Saturday, April 19, 2008

"Fractional Interest Deed Transfer" Foreclosure Rescue Bankruptcy Scam Alleged As Two Face Multiple Felony Charges In Southern California

In Southern California, the Los Angeles Times reports:

  • Michael D. Henschel of Van Nuys, who has had a long history of legal run-ins, was arrested Thursday by Los Angeles County authorities, who accused him of operating foreclosure scams that took in hundreds of homeowners, costing some their houses. Henschel, 59, faces 71 [state] charges, including forgery and conspiracy counts, in an alleged scheme to defraud homeowners from 2000 to 2004. Canoga Park resident Alan Mitchell, 70, also was arrested and faces 32 charges.


  • Henschel and Mitchell are accused of offering to save homeowners from foreclosure if they paid a monthly consulting fee and transferred part-ownership of the properties -- often to a fictitious entity. While pretending to renegotiate loans, the pair charged rent to homeowners, Christopher said. The two men would file for bankruptcy protection using phony debt and made-up names to hold off the banks and extend the "rental" period for several months, he said. After a protracted, expensive process, the banks would reclaim the properties and evict the homeowners anyway, Christopher said. Although only seven victims are mentioned in the complaint, the scheme extended to hundreds of homeowners, he said. [...] Bail was set at $800,000 for Henschel and $400,000 for Mitchell.

  • In the past, Henschel has faced a slew of misdemeanor and felony charges and has been convicted at least five times, but he has always managed to dodge prison time. In 1995, he was charged and acquitted in Los Angeles of stealing nearly $90,000 from family friends by filing phony bankruptcies and deed transfers against two properties. In an Arizona case that mirrors the current one, Henschel pleaded guilty in federal court in 2004 to filing more than 200 fraudulent bankruptcies and pocketing more than $50,000 in rental income and fees from homeowners with shaky mortgages. He was sentenced to probation, community service and restitution.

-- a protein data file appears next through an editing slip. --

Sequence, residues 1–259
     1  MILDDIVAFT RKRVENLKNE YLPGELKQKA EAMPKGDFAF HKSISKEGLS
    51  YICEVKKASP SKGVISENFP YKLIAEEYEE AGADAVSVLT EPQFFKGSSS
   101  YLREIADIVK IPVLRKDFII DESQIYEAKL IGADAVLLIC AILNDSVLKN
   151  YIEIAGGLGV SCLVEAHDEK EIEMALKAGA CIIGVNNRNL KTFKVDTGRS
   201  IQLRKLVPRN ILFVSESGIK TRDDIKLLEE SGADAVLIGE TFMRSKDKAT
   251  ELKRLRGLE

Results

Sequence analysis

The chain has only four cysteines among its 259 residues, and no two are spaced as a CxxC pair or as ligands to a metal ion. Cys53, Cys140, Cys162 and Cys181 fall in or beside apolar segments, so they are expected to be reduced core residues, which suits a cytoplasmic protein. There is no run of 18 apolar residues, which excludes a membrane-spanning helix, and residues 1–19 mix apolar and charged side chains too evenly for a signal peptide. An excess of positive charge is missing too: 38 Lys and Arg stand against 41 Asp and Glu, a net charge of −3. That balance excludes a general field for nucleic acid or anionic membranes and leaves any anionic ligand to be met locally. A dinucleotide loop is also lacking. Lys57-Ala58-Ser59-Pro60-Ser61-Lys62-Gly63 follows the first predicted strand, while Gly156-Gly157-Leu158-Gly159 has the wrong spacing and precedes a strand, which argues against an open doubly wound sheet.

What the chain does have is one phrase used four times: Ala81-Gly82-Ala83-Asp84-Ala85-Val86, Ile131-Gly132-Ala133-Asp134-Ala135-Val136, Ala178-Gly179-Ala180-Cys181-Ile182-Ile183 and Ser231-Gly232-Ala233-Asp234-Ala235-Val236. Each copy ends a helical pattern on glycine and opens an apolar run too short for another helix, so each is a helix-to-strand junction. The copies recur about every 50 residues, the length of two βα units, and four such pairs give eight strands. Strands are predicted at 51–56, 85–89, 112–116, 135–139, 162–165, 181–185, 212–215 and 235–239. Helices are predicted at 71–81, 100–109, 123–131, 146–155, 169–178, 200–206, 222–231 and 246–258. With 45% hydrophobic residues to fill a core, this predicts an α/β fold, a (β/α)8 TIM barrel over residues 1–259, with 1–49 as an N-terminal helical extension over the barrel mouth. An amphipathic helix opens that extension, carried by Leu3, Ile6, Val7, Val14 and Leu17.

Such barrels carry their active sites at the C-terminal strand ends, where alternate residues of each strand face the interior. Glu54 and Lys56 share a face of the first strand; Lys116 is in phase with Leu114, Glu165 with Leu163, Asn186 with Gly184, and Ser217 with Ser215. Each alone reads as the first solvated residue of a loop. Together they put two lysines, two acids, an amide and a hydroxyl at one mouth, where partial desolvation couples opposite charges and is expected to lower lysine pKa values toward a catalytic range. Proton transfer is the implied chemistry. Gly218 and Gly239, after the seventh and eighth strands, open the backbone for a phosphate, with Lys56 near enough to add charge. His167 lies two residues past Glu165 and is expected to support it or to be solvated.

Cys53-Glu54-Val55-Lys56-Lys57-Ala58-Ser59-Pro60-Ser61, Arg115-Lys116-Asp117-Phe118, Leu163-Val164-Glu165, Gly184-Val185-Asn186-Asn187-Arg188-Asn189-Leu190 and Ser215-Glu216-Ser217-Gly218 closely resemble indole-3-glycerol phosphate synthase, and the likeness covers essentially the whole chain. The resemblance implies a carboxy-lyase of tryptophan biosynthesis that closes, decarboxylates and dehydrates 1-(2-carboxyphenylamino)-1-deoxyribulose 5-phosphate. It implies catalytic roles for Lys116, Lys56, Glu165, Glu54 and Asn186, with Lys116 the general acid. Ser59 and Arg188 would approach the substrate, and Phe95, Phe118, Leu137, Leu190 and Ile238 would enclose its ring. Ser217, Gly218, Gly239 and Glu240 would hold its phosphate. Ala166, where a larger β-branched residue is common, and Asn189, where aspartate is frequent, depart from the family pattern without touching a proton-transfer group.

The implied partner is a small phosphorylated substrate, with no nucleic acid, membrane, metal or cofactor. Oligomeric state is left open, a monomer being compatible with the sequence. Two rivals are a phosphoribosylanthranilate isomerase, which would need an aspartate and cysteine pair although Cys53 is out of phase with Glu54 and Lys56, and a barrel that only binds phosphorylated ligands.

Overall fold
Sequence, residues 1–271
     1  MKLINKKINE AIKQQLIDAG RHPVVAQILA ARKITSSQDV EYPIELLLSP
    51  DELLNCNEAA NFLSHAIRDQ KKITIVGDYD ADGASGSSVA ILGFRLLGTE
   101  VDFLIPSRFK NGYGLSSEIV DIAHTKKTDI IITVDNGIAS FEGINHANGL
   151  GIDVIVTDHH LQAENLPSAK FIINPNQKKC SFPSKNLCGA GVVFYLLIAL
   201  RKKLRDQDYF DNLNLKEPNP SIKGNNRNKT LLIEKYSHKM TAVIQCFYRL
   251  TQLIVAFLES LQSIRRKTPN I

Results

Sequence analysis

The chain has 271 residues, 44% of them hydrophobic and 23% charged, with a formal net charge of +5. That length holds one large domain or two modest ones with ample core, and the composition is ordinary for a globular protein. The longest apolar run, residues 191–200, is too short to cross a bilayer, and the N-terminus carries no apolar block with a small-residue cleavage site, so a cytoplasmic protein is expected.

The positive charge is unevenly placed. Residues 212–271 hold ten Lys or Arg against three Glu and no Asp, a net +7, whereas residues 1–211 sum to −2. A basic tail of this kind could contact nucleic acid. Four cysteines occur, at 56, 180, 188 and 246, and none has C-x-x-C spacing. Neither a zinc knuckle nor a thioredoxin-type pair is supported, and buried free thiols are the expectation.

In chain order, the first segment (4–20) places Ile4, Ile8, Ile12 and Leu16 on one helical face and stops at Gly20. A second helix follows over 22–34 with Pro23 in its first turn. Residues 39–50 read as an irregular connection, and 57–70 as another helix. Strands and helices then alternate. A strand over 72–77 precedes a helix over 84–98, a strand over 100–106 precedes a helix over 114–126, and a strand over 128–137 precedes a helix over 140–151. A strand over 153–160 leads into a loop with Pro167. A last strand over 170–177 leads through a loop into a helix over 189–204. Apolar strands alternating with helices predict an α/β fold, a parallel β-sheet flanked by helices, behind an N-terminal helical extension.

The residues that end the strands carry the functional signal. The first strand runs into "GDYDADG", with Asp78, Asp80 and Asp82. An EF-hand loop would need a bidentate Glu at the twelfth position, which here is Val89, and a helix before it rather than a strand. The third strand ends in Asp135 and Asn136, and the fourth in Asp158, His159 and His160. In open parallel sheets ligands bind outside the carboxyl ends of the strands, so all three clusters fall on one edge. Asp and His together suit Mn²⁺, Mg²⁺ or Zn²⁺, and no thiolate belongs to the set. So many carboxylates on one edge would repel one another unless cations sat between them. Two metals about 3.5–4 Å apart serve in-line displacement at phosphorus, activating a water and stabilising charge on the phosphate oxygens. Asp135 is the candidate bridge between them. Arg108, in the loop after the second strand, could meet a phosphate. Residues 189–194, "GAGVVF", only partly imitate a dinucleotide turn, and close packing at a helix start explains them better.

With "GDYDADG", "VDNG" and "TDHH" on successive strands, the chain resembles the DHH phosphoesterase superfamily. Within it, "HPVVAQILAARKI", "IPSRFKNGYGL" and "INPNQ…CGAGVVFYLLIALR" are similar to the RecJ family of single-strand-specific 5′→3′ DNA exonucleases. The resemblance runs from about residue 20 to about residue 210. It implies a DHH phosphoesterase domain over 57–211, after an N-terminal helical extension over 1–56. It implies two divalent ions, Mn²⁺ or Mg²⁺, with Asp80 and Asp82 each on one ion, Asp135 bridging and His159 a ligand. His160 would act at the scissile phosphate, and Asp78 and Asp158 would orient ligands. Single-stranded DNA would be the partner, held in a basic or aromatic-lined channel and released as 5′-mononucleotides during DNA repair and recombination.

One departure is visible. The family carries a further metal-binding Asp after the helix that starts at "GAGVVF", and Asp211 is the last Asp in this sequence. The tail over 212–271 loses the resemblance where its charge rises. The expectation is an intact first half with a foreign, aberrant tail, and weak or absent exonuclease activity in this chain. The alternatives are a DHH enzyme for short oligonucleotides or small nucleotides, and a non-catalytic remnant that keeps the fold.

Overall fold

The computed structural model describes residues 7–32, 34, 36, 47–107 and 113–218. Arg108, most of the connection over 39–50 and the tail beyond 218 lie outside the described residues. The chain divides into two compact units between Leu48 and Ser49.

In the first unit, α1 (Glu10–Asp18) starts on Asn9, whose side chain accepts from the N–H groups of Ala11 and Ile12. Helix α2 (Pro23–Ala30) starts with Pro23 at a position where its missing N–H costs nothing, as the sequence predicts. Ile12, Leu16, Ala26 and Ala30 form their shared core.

For more, see 2 arrested in alleged foreclosure fraud (The men are accused of operating a scam that took in hundreds of homeowners).

For a 1998 report issued by a California Federal Bankruptcy Court task force that details the types of foreclosure scams involving the abuse of the bankruptcy court system, see Final Report Of The Bankruptcy Foreclosure Scam Task Force (available online courtesy of the Loyola of Los Angeles Law Review).

Go here for other posts on fractional interest deed transfer, foreclosure rescue bankruptcy scams.

Friday, April 18, 2008

Fighting Foreclosure? Make 'Em Produce The Note!

For video aficionados, there is a short video called Fight Foreclosure: Make ‘Em Produce The Note! that is floating around in cyberspace. Nothing technical; pretty straightforward message, don't know who made the video; but I got a kick out of it. It's a "must see" video, in my judgment, for anybody currently facing foreclosure, or who may be in the future. I stumbled into it from a link on the home page of the website of Tampa, Florida law firm, James, Hoyer, Newcomer & Smiljanich, PA.

For other posts that reference the failure some mortgage lenders and their attorneys of filing mandatory loan documents when starting foreclosures, Go Here , Go Here and Go Here.

Tuesday, April 15, 2008

Lifting Restrictions On Legal Aid Attorneys May Help Poor Homeowners Caught In Foreclosure Crisis

An Op-Ed article in The New York Times opines:

  • Legal aid lawyers are among the few allies of poor homeowners caught in the subprime-mortgage meltdown. But these lawyers are hamstrung by federal regulations that limit homeowners’ access to speedy, low-cost legal relief.

Among the restrictions is an inability by legal aid lawyers, unlike their colleagues in private practice, to collect attorneys fees from companies who violate their clients' rights when those rights are vindicated in court: